The Pueblo of Santa Ana retained Ayres to provide pre- and post-construction topographic survey, hydraulic modeling and design, and construction specifications for plantings and the creation of channels with the goal of improving habitat along this area on the eastern shoreline of the Rio Grande.
Known as Bar 3, the project area was lowered in 2009 by the U.S. Army Corps of Engineers, but despite overbanking events at the bar, it failed to naturally revegetate and remained dry without riparian vegetation. The Pueblo of Santa Ana wanted to modify Bar 3 to benefit the Rio Grande silvery minnow (RGSM) and southwestern willow flycatcher species.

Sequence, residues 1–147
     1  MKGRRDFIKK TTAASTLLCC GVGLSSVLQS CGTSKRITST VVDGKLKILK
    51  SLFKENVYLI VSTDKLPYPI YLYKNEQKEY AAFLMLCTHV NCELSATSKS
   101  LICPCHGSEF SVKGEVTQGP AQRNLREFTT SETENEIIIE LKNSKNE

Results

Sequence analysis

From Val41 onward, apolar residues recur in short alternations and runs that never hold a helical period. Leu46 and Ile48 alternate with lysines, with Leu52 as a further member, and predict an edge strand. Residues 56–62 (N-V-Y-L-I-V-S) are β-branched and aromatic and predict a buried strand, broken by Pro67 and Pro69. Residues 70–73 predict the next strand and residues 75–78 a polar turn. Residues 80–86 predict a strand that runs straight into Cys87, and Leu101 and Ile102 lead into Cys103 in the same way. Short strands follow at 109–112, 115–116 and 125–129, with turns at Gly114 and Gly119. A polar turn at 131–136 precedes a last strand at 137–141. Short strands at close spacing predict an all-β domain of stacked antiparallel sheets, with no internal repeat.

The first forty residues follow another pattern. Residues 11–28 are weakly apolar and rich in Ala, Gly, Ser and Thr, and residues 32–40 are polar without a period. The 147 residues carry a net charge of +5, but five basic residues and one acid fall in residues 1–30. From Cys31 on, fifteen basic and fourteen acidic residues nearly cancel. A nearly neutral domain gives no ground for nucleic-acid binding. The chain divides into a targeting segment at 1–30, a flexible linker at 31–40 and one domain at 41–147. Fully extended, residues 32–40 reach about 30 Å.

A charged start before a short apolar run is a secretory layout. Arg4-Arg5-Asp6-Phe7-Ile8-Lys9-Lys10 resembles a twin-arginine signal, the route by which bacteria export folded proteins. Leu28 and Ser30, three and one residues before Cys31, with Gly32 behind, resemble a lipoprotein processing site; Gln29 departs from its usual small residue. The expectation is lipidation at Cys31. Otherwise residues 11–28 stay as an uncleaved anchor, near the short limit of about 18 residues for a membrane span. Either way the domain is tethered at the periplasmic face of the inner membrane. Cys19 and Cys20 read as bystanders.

Ayres collaborated with the Pueblo to design and create a network of ephemeral channels within the existing 10 acres of lowered river bar that now inundate around 2,000 cubic feet per second. Areas adjacent to the ephemeral channels were pole-planted with woody riparian species, willows, and cottonwoods harvested at the Pueblo. Woody debris piles were constructed on the upper portions of the bar to diversify habitat at higher flows. Rooted riparian species were planted to provide additional vegetation structure and cover. The project has been a success, as RGSM were discovered in the channels within a year of the project’s construction.